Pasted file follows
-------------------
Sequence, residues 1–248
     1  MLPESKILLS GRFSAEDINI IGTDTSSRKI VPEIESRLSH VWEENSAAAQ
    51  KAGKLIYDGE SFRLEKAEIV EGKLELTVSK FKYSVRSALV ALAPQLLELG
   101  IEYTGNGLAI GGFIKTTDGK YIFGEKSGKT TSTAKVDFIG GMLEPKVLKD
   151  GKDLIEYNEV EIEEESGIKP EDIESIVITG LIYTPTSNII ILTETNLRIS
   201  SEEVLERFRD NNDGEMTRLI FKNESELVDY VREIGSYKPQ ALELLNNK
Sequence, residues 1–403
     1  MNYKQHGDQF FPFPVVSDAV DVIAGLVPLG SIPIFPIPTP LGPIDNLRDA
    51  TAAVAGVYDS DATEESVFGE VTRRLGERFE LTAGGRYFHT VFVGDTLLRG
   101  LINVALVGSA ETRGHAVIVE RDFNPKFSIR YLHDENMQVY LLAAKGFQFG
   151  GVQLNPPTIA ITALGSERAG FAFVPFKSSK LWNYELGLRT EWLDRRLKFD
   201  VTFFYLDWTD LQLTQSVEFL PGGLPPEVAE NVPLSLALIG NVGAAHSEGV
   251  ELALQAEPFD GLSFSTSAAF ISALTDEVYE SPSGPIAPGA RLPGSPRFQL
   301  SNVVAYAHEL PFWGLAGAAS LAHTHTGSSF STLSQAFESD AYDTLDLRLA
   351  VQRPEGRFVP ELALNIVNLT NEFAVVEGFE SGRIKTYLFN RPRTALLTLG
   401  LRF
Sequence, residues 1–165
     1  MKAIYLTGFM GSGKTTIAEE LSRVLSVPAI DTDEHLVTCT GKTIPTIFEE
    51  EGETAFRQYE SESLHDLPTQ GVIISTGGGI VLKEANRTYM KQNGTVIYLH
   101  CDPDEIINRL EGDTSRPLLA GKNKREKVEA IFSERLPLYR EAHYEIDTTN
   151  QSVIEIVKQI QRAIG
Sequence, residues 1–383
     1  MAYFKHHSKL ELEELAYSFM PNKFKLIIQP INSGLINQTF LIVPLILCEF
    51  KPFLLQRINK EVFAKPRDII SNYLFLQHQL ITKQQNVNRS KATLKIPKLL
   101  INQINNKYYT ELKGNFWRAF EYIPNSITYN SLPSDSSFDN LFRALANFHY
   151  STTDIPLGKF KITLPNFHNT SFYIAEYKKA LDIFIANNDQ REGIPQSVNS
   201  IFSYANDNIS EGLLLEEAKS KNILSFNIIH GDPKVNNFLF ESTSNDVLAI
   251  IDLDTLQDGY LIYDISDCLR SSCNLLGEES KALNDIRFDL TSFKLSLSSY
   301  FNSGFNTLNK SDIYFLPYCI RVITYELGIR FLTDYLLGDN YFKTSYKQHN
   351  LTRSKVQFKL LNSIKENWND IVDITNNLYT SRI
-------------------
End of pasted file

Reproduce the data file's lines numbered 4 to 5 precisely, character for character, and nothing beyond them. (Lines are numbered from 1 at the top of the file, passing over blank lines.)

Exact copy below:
   101  IEYTGNGLAI GGFIKTTDGK YIFGEKSGKT TSTAKVDFIG GMLEPKVLKD
   151  GKDLIEYNEV EIEEESGIKP EDIESIVITG LIYTPTSNII ILTETNLRIS